Council's vital role to safeguard subbies in JMK project
ROCKHAMPTON Regional Council agreed to act as a project bank on behalf of the JM Kelly Group to ensure the smooth delivery of the Kershaw Gardens redevelopment, it has been revealed.
In a first for the council, it says it proposed a direct payment process to pay some suppliers for a number of critical elements of the project.
This included items such as the playground and water play infrastructure.
It is unclear whether the direct payment process was a stipulation made by some suppliers before agreeing to come on board the JM Kelly Group run project.
The council says it proposed the direct payment method as part of contract negotiations stage with the preferred tenderer, and it did not form part of the tender conditions.
While this method has not been used for previous projects, the council says the State Government has introduced new legislation in relation to Project Bank Accounts and this will be implemented on future projects as defined by the legislation.
Council chief executive officer Evan Mr Pardon also confirmed the council received signed statutory declarations that 'subbies' had been paid for work before further progress payments were made to the builder.
"Yes, up until practical completion of the project as payment claims past this point were basically agreement of variation sums," he said.
Mr Pardon said it was not possible for council to make direct payment arrangements for all sub-contractors due to the variations which occur in all big projects and which are managed by the project manager.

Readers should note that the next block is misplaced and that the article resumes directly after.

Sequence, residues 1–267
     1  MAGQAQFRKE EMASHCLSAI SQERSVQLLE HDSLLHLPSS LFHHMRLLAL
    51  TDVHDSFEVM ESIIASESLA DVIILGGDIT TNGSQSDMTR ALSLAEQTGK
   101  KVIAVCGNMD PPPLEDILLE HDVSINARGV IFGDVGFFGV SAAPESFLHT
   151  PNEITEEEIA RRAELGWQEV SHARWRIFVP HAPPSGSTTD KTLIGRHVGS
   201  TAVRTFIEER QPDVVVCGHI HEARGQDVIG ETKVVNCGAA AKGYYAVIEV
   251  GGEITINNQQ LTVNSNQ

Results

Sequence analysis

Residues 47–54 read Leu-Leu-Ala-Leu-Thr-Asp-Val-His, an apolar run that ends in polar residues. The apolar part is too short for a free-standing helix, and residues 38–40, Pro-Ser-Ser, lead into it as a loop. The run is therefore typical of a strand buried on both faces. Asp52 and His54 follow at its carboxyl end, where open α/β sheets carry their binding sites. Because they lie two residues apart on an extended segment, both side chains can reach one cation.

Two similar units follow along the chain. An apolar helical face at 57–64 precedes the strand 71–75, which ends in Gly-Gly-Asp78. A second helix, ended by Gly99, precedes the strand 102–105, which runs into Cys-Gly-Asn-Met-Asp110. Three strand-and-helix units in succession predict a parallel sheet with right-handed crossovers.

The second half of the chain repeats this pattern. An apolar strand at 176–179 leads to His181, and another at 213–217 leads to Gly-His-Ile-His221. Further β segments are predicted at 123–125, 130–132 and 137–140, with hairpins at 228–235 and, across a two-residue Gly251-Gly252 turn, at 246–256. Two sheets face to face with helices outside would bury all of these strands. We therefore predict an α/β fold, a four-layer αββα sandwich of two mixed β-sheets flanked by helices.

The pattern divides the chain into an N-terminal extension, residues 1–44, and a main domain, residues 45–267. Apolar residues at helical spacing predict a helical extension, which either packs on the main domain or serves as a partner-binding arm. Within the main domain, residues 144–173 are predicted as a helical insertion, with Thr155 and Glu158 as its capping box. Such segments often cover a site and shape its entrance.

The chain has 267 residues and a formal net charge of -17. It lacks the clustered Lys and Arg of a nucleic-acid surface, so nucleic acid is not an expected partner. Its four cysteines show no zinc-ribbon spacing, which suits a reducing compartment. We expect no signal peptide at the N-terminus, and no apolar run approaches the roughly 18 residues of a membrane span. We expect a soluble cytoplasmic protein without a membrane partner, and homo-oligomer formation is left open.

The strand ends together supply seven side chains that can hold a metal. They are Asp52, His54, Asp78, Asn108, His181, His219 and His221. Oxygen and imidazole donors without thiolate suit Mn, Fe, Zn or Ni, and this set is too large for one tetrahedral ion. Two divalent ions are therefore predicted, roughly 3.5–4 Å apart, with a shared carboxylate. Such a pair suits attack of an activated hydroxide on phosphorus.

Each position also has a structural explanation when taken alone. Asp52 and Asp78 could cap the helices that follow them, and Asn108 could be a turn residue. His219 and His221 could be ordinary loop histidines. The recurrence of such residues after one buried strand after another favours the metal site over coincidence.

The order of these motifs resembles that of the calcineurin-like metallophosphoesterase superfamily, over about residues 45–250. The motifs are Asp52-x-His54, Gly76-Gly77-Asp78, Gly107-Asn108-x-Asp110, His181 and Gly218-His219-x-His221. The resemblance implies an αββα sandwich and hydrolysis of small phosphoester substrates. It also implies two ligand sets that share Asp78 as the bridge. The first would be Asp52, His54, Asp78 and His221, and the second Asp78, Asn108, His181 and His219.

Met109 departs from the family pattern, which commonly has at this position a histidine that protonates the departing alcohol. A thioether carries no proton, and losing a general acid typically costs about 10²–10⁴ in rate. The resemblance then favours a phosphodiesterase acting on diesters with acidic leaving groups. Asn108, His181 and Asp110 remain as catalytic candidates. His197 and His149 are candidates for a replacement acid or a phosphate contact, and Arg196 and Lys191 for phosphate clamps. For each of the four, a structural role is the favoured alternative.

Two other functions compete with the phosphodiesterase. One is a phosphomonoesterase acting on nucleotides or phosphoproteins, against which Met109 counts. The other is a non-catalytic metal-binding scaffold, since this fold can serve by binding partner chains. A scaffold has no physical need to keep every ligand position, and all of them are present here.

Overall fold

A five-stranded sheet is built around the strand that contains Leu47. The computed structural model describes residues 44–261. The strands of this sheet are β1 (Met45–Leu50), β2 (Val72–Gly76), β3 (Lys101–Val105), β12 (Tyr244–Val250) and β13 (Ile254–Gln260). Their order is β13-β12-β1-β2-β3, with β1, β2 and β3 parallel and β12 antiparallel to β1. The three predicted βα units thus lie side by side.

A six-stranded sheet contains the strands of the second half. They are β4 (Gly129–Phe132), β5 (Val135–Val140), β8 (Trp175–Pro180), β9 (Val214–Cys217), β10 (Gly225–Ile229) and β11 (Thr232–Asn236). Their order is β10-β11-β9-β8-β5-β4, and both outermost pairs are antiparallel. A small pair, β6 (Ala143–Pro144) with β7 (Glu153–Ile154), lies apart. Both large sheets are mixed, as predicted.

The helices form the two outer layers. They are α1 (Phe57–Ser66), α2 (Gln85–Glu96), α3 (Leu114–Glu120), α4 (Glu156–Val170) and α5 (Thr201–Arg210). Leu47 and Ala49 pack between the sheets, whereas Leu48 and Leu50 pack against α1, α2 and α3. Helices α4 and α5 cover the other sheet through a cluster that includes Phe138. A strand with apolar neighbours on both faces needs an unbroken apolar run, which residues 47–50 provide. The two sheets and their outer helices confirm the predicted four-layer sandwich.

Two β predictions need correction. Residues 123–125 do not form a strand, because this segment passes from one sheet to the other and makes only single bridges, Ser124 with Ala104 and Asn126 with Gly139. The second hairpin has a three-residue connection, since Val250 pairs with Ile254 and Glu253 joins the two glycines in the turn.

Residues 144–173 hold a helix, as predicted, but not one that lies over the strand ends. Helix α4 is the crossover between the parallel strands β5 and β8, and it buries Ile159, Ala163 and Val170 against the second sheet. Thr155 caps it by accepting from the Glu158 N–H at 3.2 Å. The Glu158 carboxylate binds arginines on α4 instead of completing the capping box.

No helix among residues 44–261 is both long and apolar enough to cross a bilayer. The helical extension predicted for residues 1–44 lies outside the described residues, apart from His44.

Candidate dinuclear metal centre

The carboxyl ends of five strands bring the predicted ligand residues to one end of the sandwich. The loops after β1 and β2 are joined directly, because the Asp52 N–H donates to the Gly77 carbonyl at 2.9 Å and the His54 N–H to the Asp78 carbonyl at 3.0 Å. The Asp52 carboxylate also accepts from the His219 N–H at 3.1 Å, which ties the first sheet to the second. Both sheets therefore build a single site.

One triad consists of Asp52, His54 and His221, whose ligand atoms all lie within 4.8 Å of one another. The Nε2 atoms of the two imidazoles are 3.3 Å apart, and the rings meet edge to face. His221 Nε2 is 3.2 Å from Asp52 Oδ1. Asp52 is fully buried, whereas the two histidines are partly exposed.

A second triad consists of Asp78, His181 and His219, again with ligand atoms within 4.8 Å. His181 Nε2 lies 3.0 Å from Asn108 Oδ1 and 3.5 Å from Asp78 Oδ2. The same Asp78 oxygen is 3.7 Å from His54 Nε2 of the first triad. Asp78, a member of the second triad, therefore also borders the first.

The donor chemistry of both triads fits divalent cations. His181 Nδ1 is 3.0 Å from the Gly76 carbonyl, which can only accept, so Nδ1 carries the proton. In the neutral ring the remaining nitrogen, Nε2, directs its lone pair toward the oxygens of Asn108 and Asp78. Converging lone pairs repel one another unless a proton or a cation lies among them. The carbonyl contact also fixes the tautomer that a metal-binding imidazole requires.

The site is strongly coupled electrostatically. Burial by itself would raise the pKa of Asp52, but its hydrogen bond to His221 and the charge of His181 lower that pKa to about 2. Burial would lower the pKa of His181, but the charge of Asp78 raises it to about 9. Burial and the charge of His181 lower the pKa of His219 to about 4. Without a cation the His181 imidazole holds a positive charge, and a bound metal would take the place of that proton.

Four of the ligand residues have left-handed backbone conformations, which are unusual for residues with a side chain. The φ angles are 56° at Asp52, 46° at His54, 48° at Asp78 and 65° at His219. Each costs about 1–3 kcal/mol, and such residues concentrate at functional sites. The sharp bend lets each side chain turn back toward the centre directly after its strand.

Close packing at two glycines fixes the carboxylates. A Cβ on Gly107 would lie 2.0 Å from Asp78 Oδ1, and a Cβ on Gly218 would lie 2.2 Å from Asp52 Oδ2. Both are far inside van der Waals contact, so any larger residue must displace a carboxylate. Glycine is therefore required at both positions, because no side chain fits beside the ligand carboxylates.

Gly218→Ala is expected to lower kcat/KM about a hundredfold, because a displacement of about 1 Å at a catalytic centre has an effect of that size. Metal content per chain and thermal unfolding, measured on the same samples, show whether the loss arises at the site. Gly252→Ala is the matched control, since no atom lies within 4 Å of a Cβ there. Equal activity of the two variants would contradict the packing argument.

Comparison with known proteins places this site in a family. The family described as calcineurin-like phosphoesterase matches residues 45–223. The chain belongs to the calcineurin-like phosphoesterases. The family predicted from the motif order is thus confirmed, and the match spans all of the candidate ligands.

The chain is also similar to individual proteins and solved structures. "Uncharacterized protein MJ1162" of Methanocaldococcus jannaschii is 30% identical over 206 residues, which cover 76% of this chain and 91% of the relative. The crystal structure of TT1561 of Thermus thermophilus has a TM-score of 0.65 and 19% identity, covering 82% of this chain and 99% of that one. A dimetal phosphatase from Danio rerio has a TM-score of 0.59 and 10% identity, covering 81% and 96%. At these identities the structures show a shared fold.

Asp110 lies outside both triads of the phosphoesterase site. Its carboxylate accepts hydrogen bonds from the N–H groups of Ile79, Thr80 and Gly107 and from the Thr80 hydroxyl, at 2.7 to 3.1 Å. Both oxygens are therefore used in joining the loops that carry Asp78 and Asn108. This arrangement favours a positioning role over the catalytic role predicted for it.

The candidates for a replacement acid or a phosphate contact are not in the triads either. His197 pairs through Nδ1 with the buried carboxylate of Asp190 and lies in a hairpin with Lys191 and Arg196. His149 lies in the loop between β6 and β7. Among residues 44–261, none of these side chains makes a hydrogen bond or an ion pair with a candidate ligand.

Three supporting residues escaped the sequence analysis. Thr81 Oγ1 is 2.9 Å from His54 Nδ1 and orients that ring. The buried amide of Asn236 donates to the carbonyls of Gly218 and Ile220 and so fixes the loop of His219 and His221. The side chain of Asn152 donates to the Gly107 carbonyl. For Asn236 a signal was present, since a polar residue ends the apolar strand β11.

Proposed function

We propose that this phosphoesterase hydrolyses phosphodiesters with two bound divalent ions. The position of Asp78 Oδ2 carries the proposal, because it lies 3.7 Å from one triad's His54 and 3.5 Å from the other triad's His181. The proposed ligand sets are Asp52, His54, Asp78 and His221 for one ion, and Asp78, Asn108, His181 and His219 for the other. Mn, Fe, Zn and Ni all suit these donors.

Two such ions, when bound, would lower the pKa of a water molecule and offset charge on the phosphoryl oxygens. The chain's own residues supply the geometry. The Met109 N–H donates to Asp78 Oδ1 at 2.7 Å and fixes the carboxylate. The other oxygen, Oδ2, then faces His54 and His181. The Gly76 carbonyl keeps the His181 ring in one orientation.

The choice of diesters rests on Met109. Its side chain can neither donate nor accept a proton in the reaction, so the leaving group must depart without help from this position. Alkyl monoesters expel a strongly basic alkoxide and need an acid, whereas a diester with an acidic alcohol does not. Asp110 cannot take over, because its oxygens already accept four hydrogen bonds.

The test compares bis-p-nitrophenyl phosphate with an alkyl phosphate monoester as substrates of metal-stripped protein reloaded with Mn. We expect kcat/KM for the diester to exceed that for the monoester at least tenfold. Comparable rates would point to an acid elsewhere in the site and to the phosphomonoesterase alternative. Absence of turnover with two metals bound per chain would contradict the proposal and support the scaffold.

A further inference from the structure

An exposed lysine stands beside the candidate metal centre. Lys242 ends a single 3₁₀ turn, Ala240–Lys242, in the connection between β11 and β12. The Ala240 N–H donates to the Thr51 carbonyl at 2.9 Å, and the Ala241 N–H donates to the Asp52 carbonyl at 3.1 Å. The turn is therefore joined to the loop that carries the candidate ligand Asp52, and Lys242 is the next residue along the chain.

The council said there are a number of factors taken into account when council assesses tenders, and JM Kelly Group was not given an unfair advantage through the proposal of a direct payment method.
"There is a preference given to locally based companies and ones that use local contractors wherever possible," Mr Pardon said.
"All tenderers are required to provide an independent statement of their financial security and ability to fulfil the contract.
"In this instance JM Kelly met these criteria and in addition were $1.27m cheaper ($8.5m excl GST) than the next tenderer.
"It would have been hard to justify to our ratepayers awarding the contract to a non-locally based company that was $1.27m dearer."
Mr Pardon said the Kershaw Gardens redevelopment was one of the most complex projects the council had undertaken.
"We were building a very large playground with multiple elements on the site of an old landfill which had been partly exposed by Tropical Cyclone Marcia," he said.
"This presented the project with a number of unique logistical challenges due to the ground conditions and the footings required to support the planned above ground infrastructure which is why council locked in a number of the critical elements early."
He said council would now work with the administrator.
The council appointed the JM Kelly Group as the preferred tenderer for the Kershaw Gardens Redevelopment in April 2017.
The project received $16 million in funding with $6.6 million in council funding, $5 million in Queensland Government's Building Our Region, and $4.4 million Natural Disaster Relief and Recovery Arrangements.
JM Kelly Group announced on October 17 it would go into voluntary administration, putting at least 230 people out of work.
Managing director John Murphy was approached for comment yesterday but no response was received.